MANHATTAN — A record 85 percent of families received an offer to one of their top three choices for the city's free pre-K programs, with 71 percent of 68,000 applicants getting their top choice, according to the Department of Education.
But if you're not overjoyed with your placement — and roughly 10,000 families didn't get their top choices — take heart: There are still plenty of options.
The Department of Education kicked off the second round of admissions Monday, with nearly 65 new programs added to its roster. The DOE is also listing any program from Round 1 that still has available seats — revealing there are still spots in roughly 1,000 schools or early education centers across the city.
Under Mayor Bill de Blasio’s major pre-K expansion, the city expects to have enough free “full day” seats for the city’s roughly 70,000 children who turn 4 this year — and they are making all efforts possible to make sure those seats are filled.
It’s the first time ever the DOE is providing a single online application for all programs in the second round, in a bid to make things easier for families. Previously, families could apply online for new programs only but had to individually contact other programs to find out about availability. The second round is also a month earlier than last year, as the whole process was moved up to help parents and schools sort out their options earlier.
“This is an exciting time for our 4-year-olds and their families," Deputy Chancellor Josh Wallack said. “Pre-K for All is about serving the children and families of New York, and we are doing that by moving the application process up a month, planning to better match seats and family demand, and making the Round 2 admissions process simpler for families."
The overcrowded Queens’ District 24, which spans Corona and Elmhurst to Long Island City and Middle Village, has the largest number of new programs in the city, with 10 additional pre-K centers. That includes 126 seats at the DOE-run Mosaic Pre-K Center at 97-36 43rd Ave., in the newly built I.S. 311 building, and 36 seats at the Mosaic Pre-K Center at 106-02 Northern Blvd., both in the high-demand neighborhood of Corona.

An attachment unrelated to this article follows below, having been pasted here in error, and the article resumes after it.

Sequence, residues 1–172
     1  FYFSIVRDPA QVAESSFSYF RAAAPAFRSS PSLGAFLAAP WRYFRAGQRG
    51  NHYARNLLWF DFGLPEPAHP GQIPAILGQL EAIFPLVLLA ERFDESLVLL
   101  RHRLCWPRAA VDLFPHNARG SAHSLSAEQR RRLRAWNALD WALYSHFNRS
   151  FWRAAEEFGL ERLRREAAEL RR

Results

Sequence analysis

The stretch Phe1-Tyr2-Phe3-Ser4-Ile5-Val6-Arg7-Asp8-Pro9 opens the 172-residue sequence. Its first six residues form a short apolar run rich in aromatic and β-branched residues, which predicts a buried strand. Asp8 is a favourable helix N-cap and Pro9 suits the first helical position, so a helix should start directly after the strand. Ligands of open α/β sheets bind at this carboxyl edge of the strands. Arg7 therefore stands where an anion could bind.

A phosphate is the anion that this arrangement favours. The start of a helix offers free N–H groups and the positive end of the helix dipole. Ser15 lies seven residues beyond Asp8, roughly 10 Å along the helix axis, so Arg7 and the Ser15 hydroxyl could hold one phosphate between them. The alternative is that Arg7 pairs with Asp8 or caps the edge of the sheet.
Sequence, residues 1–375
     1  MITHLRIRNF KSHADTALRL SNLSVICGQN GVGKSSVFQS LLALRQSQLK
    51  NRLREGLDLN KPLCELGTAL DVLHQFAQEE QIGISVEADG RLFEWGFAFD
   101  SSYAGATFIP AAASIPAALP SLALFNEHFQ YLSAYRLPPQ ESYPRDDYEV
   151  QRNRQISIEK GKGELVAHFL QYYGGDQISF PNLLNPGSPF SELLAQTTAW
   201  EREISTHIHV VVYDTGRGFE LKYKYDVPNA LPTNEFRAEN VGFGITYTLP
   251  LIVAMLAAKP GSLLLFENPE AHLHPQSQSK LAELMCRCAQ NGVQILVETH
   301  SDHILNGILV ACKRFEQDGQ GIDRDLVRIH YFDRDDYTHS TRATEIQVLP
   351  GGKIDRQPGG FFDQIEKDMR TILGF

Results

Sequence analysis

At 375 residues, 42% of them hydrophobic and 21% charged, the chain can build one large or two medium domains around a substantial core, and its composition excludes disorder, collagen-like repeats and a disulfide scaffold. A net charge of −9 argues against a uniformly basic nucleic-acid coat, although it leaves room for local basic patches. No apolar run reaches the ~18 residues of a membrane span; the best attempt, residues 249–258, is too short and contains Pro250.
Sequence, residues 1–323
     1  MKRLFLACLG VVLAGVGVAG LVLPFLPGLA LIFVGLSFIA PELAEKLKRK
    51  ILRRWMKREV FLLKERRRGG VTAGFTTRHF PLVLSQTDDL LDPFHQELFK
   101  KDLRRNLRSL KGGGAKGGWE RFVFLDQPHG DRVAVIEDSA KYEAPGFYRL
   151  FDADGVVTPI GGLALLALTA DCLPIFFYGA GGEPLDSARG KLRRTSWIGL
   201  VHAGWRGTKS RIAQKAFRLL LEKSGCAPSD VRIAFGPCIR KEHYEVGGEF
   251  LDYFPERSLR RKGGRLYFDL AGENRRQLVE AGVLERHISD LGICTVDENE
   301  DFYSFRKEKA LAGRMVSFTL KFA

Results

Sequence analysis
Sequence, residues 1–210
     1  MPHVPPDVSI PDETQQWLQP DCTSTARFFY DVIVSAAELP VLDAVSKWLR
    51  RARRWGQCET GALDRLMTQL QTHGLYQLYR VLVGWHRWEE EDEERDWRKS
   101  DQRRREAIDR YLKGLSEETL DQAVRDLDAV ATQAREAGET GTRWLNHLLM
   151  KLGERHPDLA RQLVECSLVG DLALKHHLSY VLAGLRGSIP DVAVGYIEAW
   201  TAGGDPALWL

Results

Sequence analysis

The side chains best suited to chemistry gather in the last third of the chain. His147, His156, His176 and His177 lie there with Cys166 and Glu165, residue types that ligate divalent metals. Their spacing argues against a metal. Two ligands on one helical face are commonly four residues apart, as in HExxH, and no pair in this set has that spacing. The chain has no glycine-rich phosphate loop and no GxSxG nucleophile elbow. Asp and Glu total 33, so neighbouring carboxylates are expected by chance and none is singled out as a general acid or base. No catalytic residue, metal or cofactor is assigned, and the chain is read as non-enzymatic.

In the kid-booming area of Yorkville in Manhattan’s District 2, there are free pre-K seats now at the Manhattan Schoolhouse. Tuition at the private preschool, which was started by two moms on First Avenue between 84th and 85th streets and offers music, art, yoga and French or Spanish classes, normally costs $2,300 a month for 8 a.m. to 6 p.m. (For the city's free programs, "full day" is 6 hours and 20 minutes.) Also in District 2, across the East River on Roosevelt Island, the Roosevelt Island Day Nursery, a program started by Island parents in 1975 — which usually costs more than $25,000 a year, as well, including the extended hours — now has a contract with the DOE to offer 54 free "full day" seats.
There are also still seats at District 15’s DOE-run Little Brooklyn Pre-K Center at Bishop Ford School Site, an inquiry-based program with an array of enrichment, like science and art. The massive program in Windsor Terrace/Park Slope —with roughly 500 seats in a former Catholic school building — is considered the crown jewel of the city’s expanded pre-K program.
The Upper West Side’s District 3 has among the fewest options in Round 2, with open seats at only 14 existing programs.
To accept a pre-K offer from Round 1, families need to pre-register by May 20, as per to the instructions of their offer letter.
You can still get off of a waitlist elsewhere and apply for programs in Round 2 even if you’ve pre-registered at your offer from Round 1. And applying in Round 2 won't affect your waitlist status at schools from your first round of applications, school officials explained.
"We encourage families to pre-register for their seat by May 20, and we'll continue to work tirelessly to ensure every family knows about the benefits of pre-K and is able to apply during the next round of admissions," Wallack said.
List of Pre-K sites with open seats below: